Wednesday, May 19, 2010

Who has the most powerful computers in the world?

From the site is the following table as of Nov. 2009.

1Ok Ridge National Laboratory, United StatesJaguar - Cray XT5-HE Opteron Six Core 2.6 GHz
Cray Inc.
2DOE/NNSA/LANL, United StatesRoadrunner - BladeCenter QS22/LS21 Cluster, PowerXCell 8i 3.2 Ghz / Opteron DC 1.8 GHz, Voltaire Infiniband
3 National Institute for Computational Sciences/University of Tennessee
United States
Kraken XT5 - Cray XT5-HE Opteron Six Core 2.6 GHz
Cray Inc.
4 Forschungszentrum Juelich (FZJ)
JUGENE - Blue Gene/P Solution
5 National SuperComputer Center in Tianjin/NUDT
Tianhe-1 - NUDT TH-1 Cluster, Xeon E5540/E5450, ATI Radeon HD 4870 2, Infiniband
6 NASA/Ames Research Center/NAS
United States
Pleiades - SGI Altix ICE 8200EX, Xeon QC 3.0 GHz/Nehalem EP 2.93 Ghz
United States
BlueGene/L - eServer Blue Gene Solution
8 Argonne National Laboratory
United States
Blue Gene/P Solution
9 Texas Advanced Computing Center/Univ. of Texas
United States
Ranger - SunBlade x6420, Opteron QC 2.3 Ghz, Infiniband
Sun Microsystems
10 Sandia National Laboratories / National Renewable Energy Laboratory
United States
Red Sky - Sun Blade x6275, Xeon X55xx 2.93 Ghz, Infiniband
Sun Microsystems

The rankings are based on some benchmarks like LINPACK which measures the number of floating point operations per second. The fastest or #1 on the list has rating of 1.75 petaflop/s performance. A petaflop is 1012 operations per second.

Now, buying a supercomputer just to be in the top500 list with all the hardware, maintenance and software support is out of the question for the Philippines at the moment. Such vain attempts is a waste of money and instead, we should concentrate on developing parallel computing programmers and system administration.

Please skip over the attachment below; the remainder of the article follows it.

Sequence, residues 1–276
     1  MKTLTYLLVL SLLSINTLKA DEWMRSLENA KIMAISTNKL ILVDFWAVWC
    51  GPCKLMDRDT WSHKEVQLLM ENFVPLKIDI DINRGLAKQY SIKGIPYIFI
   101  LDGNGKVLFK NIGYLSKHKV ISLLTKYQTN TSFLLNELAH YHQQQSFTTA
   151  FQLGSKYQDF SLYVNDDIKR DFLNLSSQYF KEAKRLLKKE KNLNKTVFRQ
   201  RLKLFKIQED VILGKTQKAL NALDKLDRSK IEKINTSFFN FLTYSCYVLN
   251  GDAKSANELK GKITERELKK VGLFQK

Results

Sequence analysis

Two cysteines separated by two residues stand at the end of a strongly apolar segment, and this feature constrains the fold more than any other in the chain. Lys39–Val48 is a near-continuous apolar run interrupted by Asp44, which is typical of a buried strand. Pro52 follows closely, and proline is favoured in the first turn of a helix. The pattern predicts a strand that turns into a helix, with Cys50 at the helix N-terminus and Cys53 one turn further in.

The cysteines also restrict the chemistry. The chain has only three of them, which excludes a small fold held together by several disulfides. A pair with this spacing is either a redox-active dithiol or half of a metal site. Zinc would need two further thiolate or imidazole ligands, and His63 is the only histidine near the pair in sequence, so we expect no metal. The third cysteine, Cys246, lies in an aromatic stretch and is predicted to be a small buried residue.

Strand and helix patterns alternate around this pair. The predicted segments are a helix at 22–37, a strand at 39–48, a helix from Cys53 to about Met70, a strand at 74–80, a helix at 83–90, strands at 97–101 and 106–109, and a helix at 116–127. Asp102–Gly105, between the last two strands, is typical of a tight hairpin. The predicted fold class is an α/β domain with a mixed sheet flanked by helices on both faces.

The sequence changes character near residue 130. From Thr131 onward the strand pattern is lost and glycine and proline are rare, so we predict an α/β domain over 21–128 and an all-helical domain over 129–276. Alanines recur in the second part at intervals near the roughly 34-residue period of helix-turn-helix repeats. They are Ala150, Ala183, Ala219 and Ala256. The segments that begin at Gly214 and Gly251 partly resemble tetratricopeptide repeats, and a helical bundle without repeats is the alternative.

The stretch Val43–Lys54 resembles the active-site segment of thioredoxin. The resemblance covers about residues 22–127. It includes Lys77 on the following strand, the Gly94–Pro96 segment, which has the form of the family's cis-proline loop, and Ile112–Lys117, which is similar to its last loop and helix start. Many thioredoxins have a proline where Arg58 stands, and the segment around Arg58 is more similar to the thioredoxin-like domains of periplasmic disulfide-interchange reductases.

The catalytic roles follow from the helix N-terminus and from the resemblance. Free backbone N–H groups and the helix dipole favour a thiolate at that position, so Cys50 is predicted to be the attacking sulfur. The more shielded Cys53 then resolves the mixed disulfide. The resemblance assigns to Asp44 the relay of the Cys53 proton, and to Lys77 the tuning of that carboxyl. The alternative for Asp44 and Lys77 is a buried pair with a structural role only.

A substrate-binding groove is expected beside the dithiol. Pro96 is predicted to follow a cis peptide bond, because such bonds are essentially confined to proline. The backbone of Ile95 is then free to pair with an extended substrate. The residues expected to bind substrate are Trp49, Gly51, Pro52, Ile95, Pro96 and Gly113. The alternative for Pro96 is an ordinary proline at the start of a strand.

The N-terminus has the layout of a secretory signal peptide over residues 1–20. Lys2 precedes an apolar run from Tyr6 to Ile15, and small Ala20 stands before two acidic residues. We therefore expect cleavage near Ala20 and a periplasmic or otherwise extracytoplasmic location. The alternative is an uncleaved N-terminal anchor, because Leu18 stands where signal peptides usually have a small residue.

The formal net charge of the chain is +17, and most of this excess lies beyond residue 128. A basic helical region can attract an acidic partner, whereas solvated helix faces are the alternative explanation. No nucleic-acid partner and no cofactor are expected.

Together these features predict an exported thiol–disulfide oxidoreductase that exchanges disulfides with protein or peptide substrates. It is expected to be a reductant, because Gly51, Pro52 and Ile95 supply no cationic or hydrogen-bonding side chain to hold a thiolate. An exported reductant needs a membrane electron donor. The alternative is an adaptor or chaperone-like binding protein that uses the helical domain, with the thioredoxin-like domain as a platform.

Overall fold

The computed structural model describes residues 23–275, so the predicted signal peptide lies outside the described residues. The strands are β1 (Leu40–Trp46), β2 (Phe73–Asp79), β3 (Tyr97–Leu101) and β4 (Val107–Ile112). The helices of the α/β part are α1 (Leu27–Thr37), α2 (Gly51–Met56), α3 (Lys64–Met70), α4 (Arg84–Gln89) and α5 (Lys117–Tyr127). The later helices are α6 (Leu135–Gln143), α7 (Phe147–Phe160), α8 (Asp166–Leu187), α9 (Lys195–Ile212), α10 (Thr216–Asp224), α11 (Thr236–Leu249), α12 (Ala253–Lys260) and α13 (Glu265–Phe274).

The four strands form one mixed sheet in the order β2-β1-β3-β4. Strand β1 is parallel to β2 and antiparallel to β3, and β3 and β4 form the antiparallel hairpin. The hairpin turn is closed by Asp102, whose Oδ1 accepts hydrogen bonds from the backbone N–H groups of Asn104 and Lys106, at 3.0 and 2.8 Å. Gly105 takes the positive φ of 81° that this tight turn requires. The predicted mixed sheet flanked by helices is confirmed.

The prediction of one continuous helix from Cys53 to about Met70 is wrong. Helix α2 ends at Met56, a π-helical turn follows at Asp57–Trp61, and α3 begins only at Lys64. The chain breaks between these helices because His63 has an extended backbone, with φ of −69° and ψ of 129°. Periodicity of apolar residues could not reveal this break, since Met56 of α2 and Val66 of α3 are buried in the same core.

It is worth noting that the first and third most powerful computers are XT5 systems from Cray,Inc. a company which was descended from the original companies founded by Seymour Cray a former supercomputer designer from CDC or Control Data Corporation.

The United States dominates the field by having eight out of 10 sytems. Only Germany and China are the other countries in the list.

Also Japan is not on the list, but the impetus for the US preeminence in the supercomputing field was the NEC Climate Supersimulator which remained #1 for a few years, bringing fear to the U.S. of losing its technological edge and which spurred a furious pace of research and development in supercomputing. The result was that IBM brought the supercomputing prestige back to the U.S. thru its introduction of the ASCI Accelerated Strategic Computing Initiative RED computer serving Sandia and which was decommissioned in 2008. See .

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